Ruhama Center for girls and women

Programs offer support and skills development

The Challenges

Throughout the Philippines, many women face challenges of poverty and hardship.  The sisters are engaged in a diverse range of ministries - schools, community development programs and projects in cities and in rural areas across the Philippines.

The focus of their ministry is women:  single mothers, women working in prostitution, women subject to domestic violence, slum dwellers, landless farmers, indigenous groups, overseas contract workers and their families, street children.


Since 2012 the sisters have conducted the Ruhama Center for girls and women.  Now located in Quezon City, Manila the Center aims to address the needs of girls and women working in prostitution.  This includes girls and women who are distressed because of migration, who are abused abroad and are looking for temporary shelter. Clients of Ruhama also include girls suffering sexual abuse within their families.


(See photograph above - Volunteers decorated the counseling room at Ruhama with light colors, upswept trail of leaves and soft pillows with inspirational words to achieve a "healing atmosphere.")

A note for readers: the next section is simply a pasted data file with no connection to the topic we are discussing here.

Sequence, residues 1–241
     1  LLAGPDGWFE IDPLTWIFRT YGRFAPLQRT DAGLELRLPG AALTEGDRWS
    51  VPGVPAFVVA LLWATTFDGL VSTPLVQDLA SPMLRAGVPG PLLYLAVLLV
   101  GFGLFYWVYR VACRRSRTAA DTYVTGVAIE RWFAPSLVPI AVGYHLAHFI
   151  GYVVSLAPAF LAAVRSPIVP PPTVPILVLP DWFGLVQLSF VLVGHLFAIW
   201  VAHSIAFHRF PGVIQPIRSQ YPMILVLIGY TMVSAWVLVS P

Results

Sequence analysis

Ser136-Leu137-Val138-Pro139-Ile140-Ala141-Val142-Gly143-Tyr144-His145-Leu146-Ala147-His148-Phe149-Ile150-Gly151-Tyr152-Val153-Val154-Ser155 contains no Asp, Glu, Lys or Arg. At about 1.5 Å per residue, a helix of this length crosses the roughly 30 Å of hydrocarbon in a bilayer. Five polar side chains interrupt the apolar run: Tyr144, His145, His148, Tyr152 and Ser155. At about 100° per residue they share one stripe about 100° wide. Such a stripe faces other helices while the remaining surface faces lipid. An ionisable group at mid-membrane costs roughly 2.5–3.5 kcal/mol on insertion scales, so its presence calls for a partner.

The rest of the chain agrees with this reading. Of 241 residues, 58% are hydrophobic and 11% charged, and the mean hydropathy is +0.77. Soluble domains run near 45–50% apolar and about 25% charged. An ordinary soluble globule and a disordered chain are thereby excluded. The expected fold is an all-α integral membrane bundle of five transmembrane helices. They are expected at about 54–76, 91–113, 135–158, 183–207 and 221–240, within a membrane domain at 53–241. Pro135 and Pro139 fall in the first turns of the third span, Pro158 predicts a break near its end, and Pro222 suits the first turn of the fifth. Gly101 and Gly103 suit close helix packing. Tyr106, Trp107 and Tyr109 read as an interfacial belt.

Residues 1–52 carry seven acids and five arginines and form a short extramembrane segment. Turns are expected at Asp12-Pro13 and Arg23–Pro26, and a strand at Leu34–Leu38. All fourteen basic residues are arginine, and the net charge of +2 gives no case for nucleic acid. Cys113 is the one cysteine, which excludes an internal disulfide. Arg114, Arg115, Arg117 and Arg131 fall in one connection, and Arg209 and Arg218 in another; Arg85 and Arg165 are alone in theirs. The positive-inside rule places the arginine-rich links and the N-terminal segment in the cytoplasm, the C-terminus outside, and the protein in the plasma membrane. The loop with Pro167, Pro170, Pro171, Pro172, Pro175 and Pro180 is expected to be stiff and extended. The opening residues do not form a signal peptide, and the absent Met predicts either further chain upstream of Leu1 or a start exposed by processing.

Who benefits and how do they benefit?

Ruhama is a temporary shelter where the girls can come for refuge. They are referred by the social welfare department, other Good Shepherd agencies, other NGOs.  The girls and women are offered educational assistance, counseling and psychotherapy, skills training and development and values formation.

In addition, the center now offers after care program to the former girls who are ready to be integrated to their families or to be in boarding houses with minimal supervision from the sisters while continuing their studies in external schools or universities.

Majority of the girls are enrolled to Alternative Learning System, a program offered by the government and to our own Good Shepherd Open High School.


Who manages/administers the program?

Ruhama is under the Sisters’ foundation – St. Mary Euphrasia Integrated Development Foundation, Inc. The aim of the foundation is to oversee and monitor our programs to make sure they are legal and are certified by the Department of Social Welfare and Development.


How many people are assisted?

The maximum number of residents at one time is 15.


What outcomes are achieved?

The girls can be prepared to go back home, if it is safe for them. The message of Good Shepherd programs is:  ‘We are here to help you cope and to help you find some alternatives for living your lives.’ That's why skills training and assistance with educational needs are offered.


Click here for more information - Q & A with Sr. Maria Ananita Borbon


[Acknowledgment of N.J. Viehland - a correspondent for Global Sisters Report based in the Philippines.]